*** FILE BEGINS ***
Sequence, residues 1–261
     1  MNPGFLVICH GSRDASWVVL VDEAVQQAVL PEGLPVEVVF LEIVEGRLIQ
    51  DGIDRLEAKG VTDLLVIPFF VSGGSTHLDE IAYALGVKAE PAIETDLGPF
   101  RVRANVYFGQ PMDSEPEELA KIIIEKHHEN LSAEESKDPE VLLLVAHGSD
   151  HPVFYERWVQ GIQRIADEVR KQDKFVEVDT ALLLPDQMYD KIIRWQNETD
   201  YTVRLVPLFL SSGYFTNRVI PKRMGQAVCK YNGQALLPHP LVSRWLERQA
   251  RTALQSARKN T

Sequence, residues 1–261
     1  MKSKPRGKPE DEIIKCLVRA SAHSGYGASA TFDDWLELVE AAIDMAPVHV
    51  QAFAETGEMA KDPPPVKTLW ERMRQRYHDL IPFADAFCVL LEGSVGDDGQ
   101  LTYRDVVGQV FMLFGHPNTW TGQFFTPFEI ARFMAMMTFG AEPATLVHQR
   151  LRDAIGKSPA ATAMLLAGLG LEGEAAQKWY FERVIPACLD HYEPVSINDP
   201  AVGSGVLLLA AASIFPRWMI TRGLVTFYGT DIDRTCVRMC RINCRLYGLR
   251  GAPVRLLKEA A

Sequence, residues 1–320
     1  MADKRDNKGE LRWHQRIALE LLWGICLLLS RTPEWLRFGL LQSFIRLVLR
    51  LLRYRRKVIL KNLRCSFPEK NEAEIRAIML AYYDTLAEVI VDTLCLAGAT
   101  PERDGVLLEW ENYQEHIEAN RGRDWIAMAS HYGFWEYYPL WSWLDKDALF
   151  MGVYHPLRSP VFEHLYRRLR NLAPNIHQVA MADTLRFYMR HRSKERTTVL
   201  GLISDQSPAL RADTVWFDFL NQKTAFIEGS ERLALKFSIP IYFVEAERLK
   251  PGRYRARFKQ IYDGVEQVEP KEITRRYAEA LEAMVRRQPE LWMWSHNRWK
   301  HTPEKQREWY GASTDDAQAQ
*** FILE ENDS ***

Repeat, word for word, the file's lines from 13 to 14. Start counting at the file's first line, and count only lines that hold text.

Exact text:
   201  AVGSGVLLLA AASIFPRWMI TRGLVTFYGT DIDRTCVRMC RINCRLYGLR
   251  GAPVRLLKEA A